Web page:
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st: Learning Stata Graphics
--- Suzy <email@example.com> wrote:
> 3. I know I'll probably get slammed from other users on this
> sight, but I still think the graphics are way too complex
> (inflexible) and/or boring, and I do have the graphics manual for
> Stata v. 9. The Stata graphics are just not fun IMHO. I've found
> the best graphs have come from the user generated programs, and
> not the main Stata program.
In response to this Freidrich Huebler gave excellent advice -- get Michael
Mitchell's book, which is one of the classiest examples of a book on graphics
since Tufte. However, I will agree that the syntax of the graph command
can be a bit formidable. Graph Intro, best read via the help file because you
can click on the various examples to see how they look on screen, is a great
introduction, However, there are lots of choices available in graph and
it is a bit hard to find them.
For that, I actually found that a bit of experimentation with the graphics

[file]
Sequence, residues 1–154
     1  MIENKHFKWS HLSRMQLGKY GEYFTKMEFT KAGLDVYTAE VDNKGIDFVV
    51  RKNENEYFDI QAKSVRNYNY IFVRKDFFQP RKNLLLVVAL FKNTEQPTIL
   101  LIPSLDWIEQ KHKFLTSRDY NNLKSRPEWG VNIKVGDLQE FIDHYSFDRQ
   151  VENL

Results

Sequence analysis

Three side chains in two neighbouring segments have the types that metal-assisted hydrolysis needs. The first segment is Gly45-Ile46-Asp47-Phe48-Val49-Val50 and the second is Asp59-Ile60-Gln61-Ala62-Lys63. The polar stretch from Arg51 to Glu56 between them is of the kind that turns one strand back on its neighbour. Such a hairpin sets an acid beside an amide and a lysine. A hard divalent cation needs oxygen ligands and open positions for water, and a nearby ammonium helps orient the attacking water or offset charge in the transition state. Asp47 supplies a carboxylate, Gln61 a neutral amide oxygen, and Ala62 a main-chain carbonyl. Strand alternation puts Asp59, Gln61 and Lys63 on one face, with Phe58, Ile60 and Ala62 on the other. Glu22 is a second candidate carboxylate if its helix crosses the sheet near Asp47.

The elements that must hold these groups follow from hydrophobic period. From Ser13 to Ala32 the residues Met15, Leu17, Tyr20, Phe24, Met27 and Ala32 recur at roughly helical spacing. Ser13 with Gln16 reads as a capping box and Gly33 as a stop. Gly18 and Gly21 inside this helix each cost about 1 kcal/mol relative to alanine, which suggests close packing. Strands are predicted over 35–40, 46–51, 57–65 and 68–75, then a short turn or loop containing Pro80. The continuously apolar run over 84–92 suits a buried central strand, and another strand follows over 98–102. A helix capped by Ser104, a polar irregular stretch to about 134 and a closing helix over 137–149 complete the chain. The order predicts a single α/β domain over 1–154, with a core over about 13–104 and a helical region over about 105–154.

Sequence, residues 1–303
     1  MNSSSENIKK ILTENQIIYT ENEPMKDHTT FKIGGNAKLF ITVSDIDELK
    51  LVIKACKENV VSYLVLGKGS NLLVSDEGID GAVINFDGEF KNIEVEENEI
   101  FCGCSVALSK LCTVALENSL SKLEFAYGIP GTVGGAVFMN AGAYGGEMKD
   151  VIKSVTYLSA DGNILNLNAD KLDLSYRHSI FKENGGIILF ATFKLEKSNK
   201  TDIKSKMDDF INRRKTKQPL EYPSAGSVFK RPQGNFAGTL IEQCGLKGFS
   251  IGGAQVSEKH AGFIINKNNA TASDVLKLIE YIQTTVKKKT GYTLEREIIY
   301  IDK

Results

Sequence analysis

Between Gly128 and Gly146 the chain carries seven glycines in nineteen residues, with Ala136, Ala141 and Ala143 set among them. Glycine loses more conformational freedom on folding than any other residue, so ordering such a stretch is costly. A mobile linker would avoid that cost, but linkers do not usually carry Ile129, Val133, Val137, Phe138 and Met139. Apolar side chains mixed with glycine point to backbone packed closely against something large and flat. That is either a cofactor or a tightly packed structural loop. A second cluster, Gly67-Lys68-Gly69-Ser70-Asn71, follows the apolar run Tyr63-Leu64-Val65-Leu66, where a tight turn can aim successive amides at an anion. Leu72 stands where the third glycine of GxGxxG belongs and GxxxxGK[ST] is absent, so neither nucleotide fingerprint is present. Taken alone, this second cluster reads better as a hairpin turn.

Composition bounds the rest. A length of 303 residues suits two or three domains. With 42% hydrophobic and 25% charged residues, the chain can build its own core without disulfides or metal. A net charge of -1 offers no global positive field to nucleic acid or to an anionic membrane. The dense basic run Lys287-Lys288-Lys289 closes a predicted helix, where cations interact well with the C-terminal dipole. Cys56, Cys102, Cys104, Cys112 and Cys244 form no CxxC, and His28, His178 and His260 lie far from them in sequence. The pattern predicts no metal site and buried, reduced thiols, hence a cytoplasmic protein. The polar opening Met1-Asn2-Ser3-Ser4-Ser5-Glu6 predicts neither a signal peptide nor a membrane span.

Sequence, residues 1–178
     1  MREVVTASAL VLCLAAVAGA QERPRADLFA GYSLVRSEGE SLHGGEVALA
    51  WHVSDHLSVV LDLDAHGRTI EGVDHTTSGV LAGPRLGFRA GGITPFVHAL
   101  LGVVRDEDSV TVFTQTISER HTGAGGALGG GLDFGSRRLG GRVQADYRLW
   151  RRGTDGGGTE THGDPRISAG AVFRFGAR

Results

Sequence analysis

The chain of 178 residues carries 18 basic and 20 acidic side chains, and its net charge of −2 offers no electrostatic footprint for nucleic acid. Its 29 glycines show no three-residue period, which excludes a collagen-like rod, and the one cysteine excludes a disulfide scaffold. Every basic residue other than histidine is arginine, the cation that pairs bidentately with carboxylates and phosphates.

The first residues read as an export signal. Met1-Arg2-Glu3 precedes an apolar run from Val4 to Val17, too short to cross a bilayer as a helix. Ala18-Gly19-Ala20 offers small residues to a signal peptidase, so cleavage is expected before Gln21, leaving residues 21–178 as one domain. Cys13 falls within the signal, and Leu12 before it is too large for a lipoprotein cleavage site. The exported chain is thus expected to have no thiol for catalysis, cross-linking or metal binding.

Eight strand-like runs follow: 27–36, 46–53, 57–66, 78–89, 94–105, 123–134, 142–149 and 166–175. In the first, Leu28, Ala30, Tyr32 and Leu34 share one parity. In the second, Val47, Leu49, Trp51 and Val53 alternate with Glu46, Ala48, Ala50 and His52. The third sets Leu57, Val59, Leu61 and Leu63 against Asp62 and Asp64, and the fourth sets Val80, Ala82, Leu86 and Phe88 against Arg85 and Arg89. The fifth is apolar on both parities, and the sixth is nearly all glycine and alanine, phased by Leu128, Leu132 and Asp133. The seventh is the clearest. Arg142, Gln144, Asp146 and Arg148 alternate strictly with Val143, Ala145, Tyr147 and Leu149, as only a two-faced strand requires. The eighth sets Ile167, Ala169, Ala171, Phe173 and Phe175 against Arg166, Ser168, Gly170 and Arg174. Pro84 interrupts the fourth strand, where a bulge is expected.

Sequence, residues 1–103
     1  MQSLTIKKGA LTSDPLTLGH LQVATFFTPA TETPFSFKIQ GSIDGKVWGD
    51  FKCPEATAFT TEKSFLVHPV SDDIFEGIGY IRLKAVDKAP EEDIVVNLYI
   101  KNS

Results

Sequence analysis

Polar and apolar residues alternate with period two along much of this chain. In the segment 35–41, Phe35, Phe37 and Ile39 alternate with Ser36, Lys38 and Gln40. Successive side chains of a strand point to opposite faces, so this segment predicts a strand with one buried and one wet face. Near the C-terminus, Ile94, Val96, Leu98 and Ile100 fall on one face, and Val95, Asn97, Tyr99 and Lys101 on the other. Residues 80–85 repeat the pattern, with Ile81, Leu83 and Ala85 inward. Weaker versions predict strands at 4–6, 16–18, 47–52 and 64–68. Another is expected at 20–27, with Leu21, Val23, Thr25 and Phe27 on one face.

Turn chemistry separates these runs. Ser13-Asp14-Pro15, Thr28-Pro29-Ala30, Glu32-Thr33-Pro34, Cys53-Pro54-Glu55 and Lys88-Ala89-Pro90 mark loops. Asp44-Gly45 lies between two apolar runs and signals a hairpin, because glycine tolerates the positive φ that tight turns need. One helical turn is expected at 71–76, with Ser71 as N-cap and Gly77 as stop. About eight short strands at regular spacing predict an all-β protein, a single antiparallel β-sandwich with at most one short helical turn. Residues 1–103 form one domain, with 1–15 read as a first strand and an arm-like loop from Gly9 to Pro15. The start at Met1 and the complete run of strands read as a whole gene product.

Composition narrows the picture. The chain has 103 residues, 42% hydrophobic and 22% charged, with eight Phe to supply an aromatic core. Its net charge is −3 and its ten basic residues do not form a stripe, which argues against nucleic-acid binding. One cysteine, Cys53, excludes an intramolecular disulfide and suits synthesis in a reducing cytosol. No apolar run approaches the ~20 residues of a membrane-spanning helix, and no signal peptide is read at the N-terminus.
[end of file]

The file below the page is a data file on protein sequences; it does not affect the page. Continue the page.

me to figure out how things worked. One can get the same thing by going
through some of the built up graph sequences in the Mitchell book, but in
its useful to try to get the concepts straight. There is a very firm logic
the structure of -graph- . What the menus do is show you, in drop downs,
the various choices are, for symbols, colors, sizes etc. These choices are all
listed somewhere in [G], but it is sometimes a chore to find them.
Finally, a word to regarding "slammed." To disagree with someone is not to
"slam" them. I have actually seen very few examples of rude behavior in
this list over the past several years, but I have seen many
examples of patience and gentle instruction devoted to people (including
myself) who might have read a manual or two first.
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